|Book 7, the lightest object in the universe|
June 29, 2020
Hey, i read a book! I mean, ibactually FINISHED it! Amazing!
I just havent been able to maintain interest in any novel i pick up since april. I had books i meandered into...the long way home, the giver of stars, know my name. I ventured halfway thru those and then what? I just lost interest. So odd.
Then the library reopened and a book by a local writer, kimi eisele showed up on my ready for pick up shelf. I think maybe because it so closely parallels the present disaster, it held me. I was captivated by how it played out, how this post collapse country coped, strategized, began again. Here are the comments on the back cover which i think captures it well:
A love story set in a landscape where everything (government, hidtory, infrastructure) has collapsed--except our need for one another and the struggle to persevere. In such a world, love may be on the run, but it can still be a transforming force. What's required is a kind of faith: in ourselves, in one another, in a future that is no more or less uncertain than it always has been. The experience of humanity, in other words, which Eisele brings to every page of this deeply moving narrative. ---- David L Ulin, author of Sidewalking: Coming to Terms with Los Angeles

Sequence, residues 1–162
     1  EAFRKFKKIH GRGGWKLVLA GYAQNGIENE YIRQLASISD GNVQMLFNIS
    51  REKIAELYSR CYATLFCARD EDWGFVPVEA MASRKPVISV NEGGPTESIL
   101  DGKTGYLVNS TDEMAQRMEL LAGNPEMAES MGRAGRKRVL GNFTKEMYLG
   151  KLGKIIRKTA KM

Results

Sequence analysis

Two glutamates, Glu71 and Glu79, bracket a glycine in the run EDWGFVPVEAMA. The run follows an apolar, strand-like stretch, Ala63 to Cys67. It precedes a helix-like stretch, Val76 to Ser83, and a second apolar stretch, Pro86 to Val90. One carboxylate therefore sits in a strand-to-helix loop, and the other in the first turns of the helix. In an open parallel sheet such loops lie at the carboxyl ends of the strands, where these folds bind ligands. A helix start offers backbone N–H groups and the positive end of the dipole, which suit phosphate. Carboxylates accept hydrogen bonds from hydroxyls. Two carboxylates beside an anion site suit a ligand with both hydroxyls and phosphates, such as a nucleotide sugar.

It might be annoxymoron to call an apocalyptic novel hopeful, but The Lightest Object in the Universe is a testament to the power of love in the darkest times....There's horror, yes, but mire moments of ingenuity, generosity, and grace. I couldnt put it down. -----Sheri Holman, author of Witches on the Road Tonight
Kimi Eisele's post apocalytic novel is a rarity. Her people dont merely wander across a blighted wasteland; they form communities, till the soil, send their voices into the ether, and cling tenaciously to hope.---David McGlynn, author of One Say You'll Thank Me
There's an epic journey across the country fueled by love. There's a staying in place filled by tenacity and perseverance and a will to see each other thru. Its hard to explain how a novel about a time after a pandemic like flu that took millions of lives and then worse hardship after that, the collapse of everything, could actually be a bright spot in this dark time. But it was for me. Partly, it just made me immensely grateful for what we do still have readily and easily available....snail mail that doesnt require a fleet of relays via bicycle carriers, email and texting instantaneous messaging, zoom chats, the internet as a source of news and information so helpful for living, surviving, cars that still have fuel, water at the turn of a knob, grocery stores filled with food.
We have so much work to do. This pandemic IS a portal as arundahati roy writes. A new world is waiting to come thru. If we listen, she says, we can hear it breathing. That new world feels a little more alive, a little more possible in the pages of kimi's book. I hopecwe dont have to go this far into the apocalyse to birth it. But kimi has given us a bit of a map.